New Year’s Eve is the biggest night of the year for comedy, as more places have standup shows that night than any other. Because of the demand for quality performers, the money goes way up for this night, as the venues are able to charge a lot more admission. It sounds like a total win/win for comics, right? Not exactly.
Here are the pitfalls of doing standup on NYE.
- This night has a lot of people who aren’t real comedy fans. This is the only night of the year that many of these audience members will see a show. It’s kind of like Easter service at the Church. A lot of non-believers make an appearance just to hedge their bets. “I’m not a big comedy fan, but hey, it’s NYE, so I guess I will do it for the night.” Amateur hour.
- You are not the focus. New Year’s Eve is about the audience. It’s about the event they are having. You are just party favors. Not much more important to some than the hats they are wearing and definitely behind the ball drop and the champagne toast. Check your ego at the door. You are getting paid more to deal with this shit.
- Some places will pass out noise makers before the show. MAKE SURE THAT DOESN’T HAPPEN. No joke can survive a foghorn in the middle of it.
- The audience is going to be more drunk than usual. The goal for many is to get bombed.
With this less than focused atmosphere, this is not a night for artistic merit. I have a lot of darker material, so I try to stay away from that stuff, as they are there to celebrate, not to feel your artistic angst. The quicker the punchline the better. Make sure to not take any long-pauses between bits. Just stay on them. It really helps to be able to interact with the audience on NYE, but do it in a way where you weave in and out from your material, as the more diverse your performance, the more you can keep their attention. If you feel like I’m describing performing for a bunch of 12 year-olds, you would be right.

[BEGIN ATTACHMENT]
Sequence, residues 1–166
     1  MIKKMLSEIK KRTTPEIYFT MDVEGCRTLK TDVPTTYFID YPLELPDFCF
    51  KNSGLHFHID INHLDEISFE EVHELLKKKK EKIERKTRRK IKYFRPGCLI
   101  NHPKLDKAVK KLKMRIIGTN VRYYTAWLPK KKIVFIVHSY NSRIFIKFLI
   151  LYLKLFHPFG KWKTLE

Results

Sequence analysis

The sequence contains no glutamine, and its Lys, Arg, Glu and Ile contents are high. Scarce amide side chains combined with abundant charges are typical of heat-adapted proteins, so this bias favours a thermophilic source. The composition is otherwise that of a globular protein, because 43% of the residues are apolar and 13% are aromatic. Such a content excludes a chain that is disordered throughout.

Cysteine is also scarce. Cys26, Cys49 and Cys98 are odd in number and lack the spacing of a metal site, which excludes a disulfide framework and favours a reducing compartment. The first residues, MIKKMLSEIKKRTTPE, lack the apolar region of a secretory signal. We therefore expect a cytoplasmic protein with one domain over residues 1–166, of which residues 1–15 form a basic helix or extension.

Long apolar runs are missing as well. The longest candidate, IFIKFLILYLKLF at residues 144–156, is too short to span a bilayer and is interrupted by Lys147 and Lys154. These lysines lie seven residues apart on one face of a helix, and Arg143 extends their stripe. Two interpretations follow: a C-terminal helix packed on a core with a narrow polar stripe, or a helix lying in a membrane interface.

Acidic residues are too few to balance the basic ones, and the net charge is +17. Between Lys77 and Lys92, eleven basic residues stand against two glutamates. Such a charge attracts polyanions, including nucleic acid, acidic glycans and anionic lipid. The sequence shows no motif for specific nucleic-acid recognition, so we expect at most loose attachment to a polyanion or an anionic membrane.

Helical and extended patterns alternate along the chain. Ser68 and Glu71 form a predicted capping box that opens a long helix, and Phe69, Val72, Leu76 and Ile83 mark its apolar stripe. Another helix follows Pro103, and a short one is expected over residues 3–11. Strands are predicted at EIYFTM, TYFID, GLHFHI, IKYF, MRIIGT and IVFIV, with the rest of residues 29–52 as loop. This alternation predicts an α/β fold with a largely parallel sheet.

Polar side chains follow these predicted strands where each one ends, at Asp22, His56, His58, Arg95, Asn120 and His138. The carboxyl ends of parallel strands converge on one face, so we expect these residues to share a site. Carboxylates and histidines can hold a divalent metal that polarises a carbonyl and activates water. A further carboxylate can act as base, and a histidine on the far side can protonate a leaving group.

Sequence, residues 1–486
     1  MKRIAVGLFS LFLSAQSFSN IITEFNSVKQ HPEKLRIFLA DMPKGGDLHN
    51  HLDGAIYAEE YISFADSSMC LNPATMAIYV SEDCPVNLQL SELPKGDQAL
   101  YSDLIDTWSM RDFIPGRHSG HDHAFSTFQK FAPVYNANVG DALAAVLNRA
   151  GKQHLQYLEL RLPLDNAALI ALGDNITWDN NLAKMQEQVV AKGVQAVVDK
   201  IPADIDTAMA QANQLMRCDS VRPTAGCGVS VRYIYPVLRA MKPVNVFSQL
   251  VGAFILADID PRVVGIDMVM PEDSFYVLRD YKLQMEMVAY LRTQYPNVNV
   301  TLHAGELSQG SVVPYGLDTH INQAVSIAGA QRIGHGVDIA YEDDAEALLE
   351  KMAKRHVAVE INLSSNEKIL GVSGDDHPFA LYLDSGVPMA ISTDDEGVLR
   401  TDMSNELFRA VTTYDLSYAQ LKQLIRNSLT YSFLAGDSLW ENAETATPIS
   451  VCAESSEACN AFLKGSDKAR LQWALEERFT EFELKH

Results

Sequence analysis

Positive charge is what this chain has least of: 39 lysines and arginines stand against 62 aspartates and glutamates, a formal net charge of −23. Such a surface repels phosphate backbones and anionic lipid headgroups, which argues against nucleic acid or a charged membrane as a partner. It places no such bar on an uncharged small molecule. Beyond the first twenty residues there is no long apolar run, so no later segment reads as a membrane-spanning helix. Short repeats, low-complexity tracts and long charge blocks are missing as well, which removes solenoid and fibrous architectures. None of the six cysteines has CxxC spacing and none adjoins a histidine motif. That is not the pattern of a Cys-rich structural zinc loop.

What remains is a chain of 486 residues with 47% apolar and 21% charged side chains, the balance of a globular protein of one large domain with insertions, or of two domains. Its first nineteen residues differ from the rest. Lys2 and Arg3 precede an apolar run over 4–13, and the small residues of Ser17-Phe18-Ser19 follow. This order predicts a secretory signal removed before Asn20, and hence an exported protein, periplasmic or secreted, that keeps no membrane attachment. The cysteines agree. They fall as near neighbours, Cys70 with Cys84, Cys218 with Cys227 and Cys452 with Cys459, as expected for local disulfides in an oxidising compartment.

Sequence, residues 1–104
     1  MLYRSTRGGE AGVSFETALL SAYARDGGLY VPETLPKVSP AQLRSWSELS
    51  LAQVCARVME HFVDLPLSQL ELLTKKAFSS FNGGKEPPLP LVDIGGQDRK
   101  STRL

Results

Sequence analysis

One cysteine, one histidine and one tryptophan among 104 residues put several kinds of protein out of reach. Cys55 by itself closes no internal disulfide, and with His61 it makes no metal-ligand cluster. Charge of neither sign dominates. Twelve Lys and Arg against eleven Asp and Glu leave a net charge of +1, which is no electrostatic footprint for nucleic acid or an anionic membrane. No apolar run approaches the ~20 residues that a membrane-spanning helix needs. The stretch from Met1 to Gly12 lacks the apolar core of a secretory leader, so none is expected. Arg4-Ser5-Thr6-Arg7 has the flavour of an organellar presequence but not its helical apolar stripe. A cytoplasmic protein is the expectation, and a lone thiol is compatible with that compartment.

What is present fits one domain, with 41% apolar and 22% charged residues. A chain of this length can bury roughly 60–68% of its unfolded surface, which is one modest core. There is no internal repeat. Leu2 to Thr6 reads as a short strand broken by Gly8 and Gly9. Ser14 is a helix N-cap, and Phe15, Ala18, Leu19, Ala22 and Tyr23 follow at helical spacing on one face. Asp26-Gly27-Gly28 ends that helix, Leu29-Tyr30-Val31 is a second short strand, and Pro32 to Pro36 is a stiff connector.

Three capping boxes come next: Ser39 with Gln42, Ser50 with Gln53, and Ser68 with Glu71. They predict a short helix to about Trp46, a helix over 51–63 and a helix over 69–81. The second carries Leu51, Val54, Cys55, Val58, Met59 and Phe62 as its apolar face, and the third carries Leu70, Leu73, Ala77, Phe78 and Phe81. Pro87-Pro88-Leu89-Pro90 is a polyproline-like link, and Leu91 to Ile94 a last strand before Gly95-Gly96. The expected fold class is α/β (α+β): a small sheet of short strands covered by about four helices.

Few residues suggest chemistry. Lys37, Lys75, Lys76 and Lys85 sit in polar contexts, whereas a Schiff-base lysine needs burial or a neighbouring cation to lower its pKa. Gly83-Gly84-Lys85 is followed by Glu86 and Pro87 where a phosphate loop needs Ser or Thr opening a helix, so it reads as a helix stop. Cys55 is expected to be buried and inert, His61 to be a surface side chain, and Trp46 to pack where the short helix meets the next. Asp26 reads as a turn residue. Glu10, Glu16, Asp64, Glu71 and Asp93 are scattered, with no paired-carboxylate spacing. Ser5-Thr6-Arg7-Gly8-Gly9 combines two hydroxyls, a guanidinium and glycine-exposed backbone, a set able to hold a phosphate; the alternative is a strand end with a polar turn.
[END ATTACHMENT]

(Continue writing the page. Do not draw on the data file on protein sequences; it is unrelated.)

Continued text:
I want the validation of the audience liking my stuff, but I got into comedy for myself. I wanted to express myself and my frustrations with the world. Well, on New Year’s Eve, I temper that some, as it isn’t my party–it’s the audiences.
1 friend of mine, who is a very successful standup, doesn’t work New Year’s Eve for this reason. He turns down a good year of salary for most of us, not to perform on Dec. 31, as he hates dealing with all the jackasses. His act needs more attention so he doesn’t do this night, anymore. He doesn’t need the money. I do, so I recognize that I’m doing the show more than any reason because it’s a good payday. I haven’t seen my wife at the start of the New Year in 15 years. It’s all part of the deal of being in a relationship with a standup.
For 7 years I had a good run doing a NYE gig at the Hyatt in Indy. It was 35 minutes from my house. I got paid over a thousand bucks to do 3 shows that night. Three years ago, they cancelled the comedy part of their show and I got stuck trying to hustle something up last minute. While I had to travel 7 to 10 hours to get there, I was able to get the 4 figure money I was seeking.
(Part 2 will be a recap of this year’s NYE.)